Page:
Promession is a recently coined Swedish word for freeze-drying a dead body, making it into a benign-looking kibble and interring it at approximately pet hamster burial depth. It sounds like another hairbrained funerals of tomorrow story, but despite some unintentionally hilarious promotional material and strangely fierce opposition, promession seems mostly plausible, and preferable to existing burial methods.
It solves several problems associated with death (although not that one big scary one). Burials are running places like Mexico out of graveyard real estate. Meanwhile, conventional cremation has a massive carbon footprint, and it doesn't even fully dispose of the body. The ashes are actually the output of a bone-crunching machine called a Cremulator®.
I recently wrote another piece about burials at the end of which I said I'd prefer to have my body thrown in the woods, which is legal here in California. Someone called me out on Twitter for my bad research:
— Screamin Belcher (@sycobuny) September 19, 2013
@sycobuny is right. The place I linked to offers green burials, but it's a bit of a country club. You still have to fork over a lot of cash for a plot and maybe $5,000 for one of their special green coffins. Plus, some green burial places don't offer shallow burial. They place you six feet under. It turns out that too has it has ecological drawbacks.
Burying someone deep under the topsoil makes no natural sense, even if you wrap them in a shroud of poppy petals and kale. Dead stuff in nature is exposed to the elements. Scavenging animals come. Wind blows. Dirt erodes it away. Dust proverbially turns to dust. In Tibet, they're comfortable with this part of death, and they embrace it. What they call "sky burial" we would call, "being left out for birds to eat."
Instead of turning dust to dust, burial produces methane bubbles and a lot of wet, nasty horror that we tolerate because it happens so far out of sight that we never have to think about it. Susanne Wiigh-Mäsak wants us to think about it.
Enter promession, her brainchild. Promession is a process by which a fresh corpse is frozen to zero degrees fahrenheit with liquid nitrogen, vibrated (seriously) until it breaks up into little bits, exposed to a vacuum which freeze-dries it, skimmed of any metals that might pollute the soil (such as fillings or the plate in your head), placed in an earth-friendly cornstarch receptacle, and buried shins deep, where it rapidly turns to plant food. So while a handful of places in the US offer shallow graves for niche consumers, promession removes much of the ickiness of having a dead body just inches from where you're standing. If I sound overly enthusiastic about it, it's because their promotional video rubbed off on me:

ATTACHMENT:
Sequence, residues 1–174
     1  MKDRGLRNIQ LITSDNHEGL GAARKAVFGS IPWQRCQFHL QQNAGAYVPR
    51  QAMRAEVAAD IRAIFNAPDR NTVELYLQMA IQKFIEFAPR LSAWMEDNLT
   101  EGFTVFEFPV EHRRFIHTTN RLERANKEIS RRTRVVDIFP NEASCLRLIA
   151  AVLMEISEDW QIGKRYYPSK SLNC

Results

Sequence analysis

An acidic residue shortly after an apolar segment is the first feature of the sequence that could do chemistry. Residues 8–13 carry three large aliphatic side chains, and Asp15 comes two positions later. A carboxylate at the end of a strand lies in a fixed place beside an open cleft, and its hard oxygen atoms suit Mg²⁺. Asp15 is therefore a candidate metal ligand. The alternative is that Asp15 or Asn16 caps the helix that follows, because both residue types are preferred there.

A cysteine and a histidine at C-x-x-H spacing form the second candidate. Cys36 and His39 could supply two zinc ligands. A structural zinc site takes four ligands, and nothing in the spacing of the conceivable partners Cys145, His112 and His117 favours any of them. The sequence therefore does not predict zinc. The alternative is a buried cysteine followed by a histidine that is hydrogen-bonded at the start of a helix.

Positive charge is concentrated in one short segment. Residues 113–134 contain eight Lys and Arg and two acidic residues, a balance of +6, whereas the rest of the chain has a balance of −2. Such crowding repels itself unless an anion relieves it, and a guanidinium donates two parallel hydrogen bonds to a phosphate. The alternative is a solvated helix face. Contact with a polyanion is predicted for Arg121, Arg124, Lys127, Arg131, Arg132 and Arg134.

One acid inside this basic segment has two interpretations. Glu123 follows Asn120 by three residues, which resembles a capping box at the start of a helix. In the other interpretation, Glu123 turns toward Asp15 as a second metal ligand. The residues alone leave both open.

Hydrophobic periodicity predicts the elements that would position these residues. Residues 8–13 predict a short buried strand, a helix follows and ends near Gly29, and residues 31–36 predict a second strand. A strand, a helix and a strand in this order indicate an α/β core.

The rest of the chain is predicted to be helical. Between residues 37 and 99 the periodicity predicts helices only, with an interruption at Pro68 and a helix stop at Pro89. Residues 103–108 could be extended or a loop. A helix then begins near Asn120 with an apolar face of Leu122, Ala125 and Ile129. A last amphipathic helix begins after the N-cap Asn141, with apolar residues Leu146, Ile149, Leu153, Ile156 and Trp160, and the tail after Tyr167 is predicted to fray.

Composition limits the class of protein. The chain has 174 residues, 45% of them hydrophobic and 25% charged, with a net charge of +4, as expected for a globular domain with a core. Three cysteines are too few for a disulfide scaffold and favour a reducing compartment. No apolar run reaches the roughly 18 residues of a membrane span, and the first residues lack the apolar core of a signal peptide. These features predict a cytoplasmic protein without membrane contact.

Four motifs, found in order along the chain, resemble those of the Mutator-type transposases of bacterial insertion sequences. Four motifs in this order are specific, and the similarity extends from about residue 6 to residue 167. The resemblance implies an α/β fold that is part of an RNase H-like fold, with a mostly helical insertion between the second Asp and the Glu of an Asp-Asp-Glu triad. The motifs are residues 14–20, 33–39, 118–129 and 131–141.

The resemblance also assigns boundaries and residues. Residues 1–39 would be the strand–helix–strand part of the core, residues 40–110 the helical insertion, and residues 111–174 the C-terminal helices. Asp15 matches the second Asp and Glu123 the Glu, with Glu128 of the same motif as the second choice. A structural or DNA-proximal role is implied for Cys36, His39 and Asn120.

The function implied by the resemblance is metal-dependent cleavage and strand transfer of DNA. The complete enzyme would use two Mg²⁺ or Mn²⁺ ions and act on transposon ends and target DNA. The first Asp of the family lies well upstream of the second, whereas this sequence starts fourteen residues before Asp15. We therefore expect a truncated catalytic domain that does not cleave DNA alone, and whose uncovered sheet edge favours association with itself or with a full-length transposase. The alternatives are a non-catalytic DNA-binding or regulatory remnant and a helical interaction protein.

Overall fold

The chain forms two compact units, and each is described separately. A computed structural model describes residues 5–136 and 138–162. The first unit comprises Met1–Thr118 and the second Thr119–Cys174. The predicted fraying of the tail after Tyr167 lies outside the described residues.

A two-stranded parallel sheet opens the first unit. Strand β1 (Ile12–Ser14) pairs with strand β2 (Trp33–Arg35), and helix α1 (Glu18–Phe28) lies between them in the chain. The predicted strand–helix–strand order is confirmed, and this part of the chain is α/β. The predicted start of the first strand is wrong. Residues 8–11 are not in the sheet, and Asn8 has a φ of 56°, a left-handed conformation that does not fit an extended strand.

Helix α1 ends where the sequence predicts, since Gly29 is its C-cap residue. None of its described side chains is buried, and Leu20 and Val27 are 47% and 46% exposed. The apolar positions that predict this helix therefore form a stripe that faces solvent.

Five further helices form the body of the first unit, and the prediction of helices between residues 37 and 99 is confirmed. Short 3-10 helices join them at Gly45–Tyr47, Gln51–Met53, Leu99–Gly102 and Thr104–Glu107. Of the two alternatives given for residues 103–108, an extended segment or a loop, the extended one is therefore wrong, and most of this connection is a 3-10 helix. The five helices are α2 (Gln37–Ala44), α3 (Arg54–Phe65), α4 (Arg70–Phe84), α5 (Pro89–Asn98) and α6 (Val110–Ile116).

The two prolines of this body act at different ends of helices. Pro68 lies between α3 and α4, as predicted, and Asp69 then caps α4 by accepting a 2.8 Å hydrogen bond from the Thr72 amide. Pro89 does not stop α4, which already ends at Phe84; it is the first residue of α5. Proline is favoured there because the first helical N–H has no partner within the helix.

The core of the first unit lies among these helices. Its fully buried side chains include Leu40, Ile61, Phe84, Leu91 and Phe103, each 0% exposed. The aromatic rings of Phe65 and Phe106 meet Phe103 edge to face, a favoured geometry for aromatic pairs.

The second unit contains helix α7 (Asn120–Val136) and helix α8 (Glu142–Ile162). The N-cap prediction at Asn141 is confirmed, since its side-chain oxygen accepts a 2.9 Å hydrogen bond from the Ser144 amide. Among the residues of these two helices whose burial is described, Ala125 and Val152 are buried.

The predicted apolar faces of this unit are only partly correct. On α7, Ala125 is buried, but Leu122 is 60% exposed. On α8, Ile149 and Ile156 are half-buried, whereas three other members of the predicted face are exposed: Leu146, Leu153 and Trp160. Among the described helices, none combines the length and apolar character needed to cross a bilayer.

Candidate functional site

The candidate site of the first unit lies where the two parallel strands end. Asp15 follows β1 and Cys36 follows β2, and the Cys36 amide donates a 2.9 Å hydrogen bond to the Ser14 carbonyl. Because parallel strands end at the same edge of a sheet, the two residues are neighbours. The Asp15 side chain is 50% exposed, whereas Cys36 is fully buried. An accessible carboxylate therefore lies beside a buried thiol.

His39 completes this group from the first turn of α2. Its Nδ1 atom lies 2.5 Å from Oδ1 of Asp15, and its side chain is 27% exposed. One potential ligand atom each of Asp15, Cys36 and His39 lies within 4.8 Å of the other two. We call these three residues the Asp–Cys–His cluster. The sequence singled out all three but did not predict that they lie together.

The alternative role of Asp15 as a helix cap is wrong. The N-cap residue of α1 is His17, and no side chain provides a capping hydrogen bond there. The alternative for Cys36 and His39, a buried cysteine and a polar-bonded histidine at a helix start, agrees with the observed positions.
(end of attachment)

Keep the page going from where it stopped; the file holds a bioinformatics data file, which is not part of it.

So seeing as promession has been extensively practiced on pigs according to WIRED, turning them into a hygienic, near odorless compost, why isn't it an option for Great Uncle Murray? Politics. Weird, Swedish politics.
Susanne is the inventor, but she's also become its chief advocate. Its chief detractors are, unsurprisingly, the Cemeteries Administration in Stockholm and the Federation of Cemeteries and Crematoria of Sweden, or as Susanne calls them in WIRED, the Swedish "hubs of power" that oppose her. Indeed, the reports from what I'll call "the Swedish death industry" are aggressively negative.
They told WIRED point blank, "The idea does not work." Members of the industry told WIRED
She has kept dead people in a freezer for 10 years. They have been waiting for it to start but the technology... it doesn't work. So now the government has said they can't wait any longer, they have to bury them... I know in the beginning we wanted to talk to her and maybe collaborate. But now she hasn't any... she can't do it.
The vehement refutation is food for thought, but given how Susanne seems eager to move forward, it doesn't scan that she's simply lying, unless she's completely deranged. She seems like her head is together though. She told WIRED the Swedish death industry profits from a taboo on talking about death:
I think it's very convenient for the cremation industry to sustain the taboo because then they can work on their own without any questions. If you tell people for 150 years 'This is a very quiet and complicated area, you don't really want to talk about it do you?' then that's probably what people will end up thinking in the end.
I'd still like to be thrown into the woods when I die. I thought it over, and it does seem potentially traumatic for someone else (a family member maybe) if they have to look at my festering corpse in tact. Therefore I, Mike Pearl, being of sound mind, hereby state that I wish to be freeze-dried when I expire.
More on death: